It’s no surprise that artificial intelligence (AI) and the Internet of Things (IoT) have become the focus of businesses around the globe. The fact that this emerging technology will be the single greatest driver of business success in the decades to come is more than proven at this point—it’s a reality. More so, the numbers that support the decision to embrace and implement digital transformation initiatives are downright staggering, to say the least.
For instance, let’s first consider the single greatest historical driver of technological change: the smartphone. In just one decade, this ubiquitous mobile device, and what it represents, has changed how the majority of people around the globe view technology and its impact on daily existence. After all, with the advent of the smartphone came the mobile app, the direct representation of a smart device’s highly personalized features and functionality.
To put the smartphone’s impact on the global economy in context, it is projected that by just next year, the total number of mobile phone users in the world will surpass the five billion mark. Add to that the staggering statistic that, in 2018 alone, consumers downloaded 205 billion mobile apps to their connected devices—a number that, by 2022, is expected to surpass 258 billion downloads.
However, mobility is not where this ends—not by a long shot. Paired with the smartphone, and the seemingly endless number of apps available to download, comes the introduction of the IoT. From thermostats, cameras, and home-monitoring systems, to city infrastructure and wearable personal devices that track health—and even automobiles—apps and mobility are directly related to the IoT. All of these “things” represent a far greater end-user experience, one that is customized to each user. By doing so, users now have the ability to create the experience they want—far from the generic brand experiences of the past where everyone received the same experience regardless.
It’s this new approach that the IoT offers that companies such as Amazon are wholeheartedly embracing, a customer-first approach that will set the stage for a new way of doing business. Jeff Bezos, founder and CEO of Amazon put it best: “We see our customers as invited guests to a party, and we are the hosts. It’s our job every day to make every important aspect of the customer experience a little bit better.” In this case, the IoT and supporting technology enables Amazon to use ongoing data to personalize real-time experiences, all based on browsing and buying history—a lesson to be learned by all companies looking to take a truly customer-centric approach.
And, just like the staggering numbers that illustrate the growth of mobility, the rise of the IoT is right behind it. As recently reported by Gartner, the total number of IoT devices being used across the world will reach 20.4 billion by 2020, a staggering figure unto itself considering that it is more than double the number from 2017 (approximately 8 billion).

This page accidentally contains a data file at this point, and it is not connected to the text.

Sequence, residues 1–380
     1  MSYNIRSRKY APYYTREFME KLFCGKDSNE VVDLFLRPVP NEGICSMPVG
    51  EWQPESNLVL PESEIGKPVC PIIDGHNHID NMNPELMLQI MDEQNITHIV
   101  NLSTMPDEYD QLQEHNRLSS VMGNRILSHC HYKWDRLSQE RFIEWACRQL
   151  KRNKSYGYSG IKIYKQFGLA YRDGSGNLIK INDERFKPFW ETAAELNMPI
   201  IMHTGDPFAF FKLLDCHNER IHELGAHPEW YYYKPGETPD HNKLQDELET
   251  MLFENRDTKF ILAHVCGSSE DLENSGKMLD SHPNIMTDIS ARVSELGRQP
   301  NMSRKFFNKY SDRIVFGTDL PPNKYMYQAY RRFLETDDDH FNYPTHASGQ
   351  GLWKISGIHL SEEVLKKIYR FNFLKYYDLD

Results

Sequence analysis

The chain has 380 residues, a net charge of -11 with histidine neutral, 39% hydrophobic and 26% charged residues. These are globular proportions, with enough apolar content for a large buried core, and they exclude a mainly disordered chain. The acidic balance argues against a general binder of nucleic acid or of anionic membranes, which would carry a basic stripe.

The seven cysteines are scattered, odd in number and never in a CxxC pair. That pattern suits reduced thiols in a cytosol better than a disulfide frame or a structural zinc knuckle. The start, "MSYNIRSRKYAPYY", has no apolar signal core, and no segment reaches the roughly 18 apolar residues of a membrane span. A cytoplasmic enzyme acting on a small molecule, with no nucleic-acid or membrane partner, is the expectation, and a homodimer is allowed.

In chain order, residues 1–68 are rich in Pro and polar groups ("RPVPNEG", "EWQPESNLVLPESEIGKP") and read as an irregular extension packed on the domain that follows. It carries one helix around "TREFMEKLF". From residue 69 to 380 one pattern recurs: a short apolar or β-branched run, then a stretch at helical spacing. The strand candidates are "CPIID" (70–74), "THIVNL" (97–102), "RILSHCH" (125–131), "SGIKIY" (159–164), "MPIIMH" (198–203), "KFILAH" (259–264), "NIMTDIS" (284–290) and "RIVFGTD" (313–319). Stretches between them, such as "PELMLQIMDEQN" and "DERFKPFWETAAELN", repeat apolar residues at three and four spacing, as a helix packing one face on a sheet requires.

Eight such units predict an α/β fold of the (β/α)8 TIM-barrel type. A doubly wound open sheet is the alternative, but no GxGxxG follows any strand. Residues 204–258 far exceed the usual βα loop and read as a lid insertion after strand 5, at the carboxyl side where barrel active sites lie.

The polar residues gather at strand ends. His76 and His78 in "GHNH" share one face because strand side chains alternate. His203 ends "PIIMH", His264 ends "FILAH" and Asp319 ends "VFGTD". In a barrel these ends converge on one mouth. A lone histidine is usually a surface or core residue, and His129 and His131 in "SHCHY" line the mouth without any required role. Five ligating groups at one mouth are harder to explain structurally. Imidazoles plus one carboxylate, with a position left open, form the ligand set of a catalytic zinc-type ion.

Furthermore, the evolution of mobile and the IoT is now falling squarely into the new realm of AI. And with that new realm comes the introduction and mass adoption of digital assistants such as Amazon’s Alexa, Google Home, and Apple’s Siri, all of which are supported by AI. It’s this pairing of new world order technology that enables the very essence of outcomes: a five-part process defined by Sense > Transmit > Store > Analyze > Act. This series has come to define the IoT, AI, and digital transformation as a whole—the ecosystem that business must adopt in order to succeed in the months and years to come.
Why such a short timeline as it relates to needed adoption? The reasoning is simple. When calculating the evolution of mobility—and subsequent app adoption—for work and lifestyle use, the digital assistant becomes the next logical step, creating a literal hands-off approach while leveraging highly personalized experiences through AI-driven magic. And if you are one of the few skeptics still contemplating the mass adoption of digital assistants and AI, know that the estimated number of people using digital assistants worldwide is projected to grow to more than 1.8 billion by 2021, an increase of more than 80 percent from today—not a bad number given a three-year trajectory.
So where does this leave business and strategic planning for the next decade? With the need to strategically plan digital transformation initiatives, creating the ability to adapt, through technology, to better manage and accelerate goals and desired outcomes and create a better end-user experience. It’s that paradigm that also enables businesses of all types to capture and utilize user data for better business, improving everything from customer experience to supply chain management, to creating whole new revenue streams. After all, with increased data creating more detailed single-user-profiles, the better and more engaging the experience—and the higher the potential revenue gains and cost savings.
The reality is that end users—whether they be consumers or internal business users—are driving an unprecedented demand for all “things” to be connected in a way never before seen. Moreover, that connection of things must be so highly intrinsic that it functions as the perfect blurred line between all work and life ideals. No longer is there the touted work–life balance; now, it is just digital life. And with that, businesses must embrace an approach far beyond that of their own brand. They must now speak to a global ecosystem wherein all things are created equal and are equally accessible and, most importantly, consistent. If a brand cannot compete with every other brand in the world—regardless of vertical market—the world will ultimately move on without it.
Simply put, the IoT, AI, and digital transformation form the new status quo for business and the clear path to business success. And without it? I shudder to think of the consequences.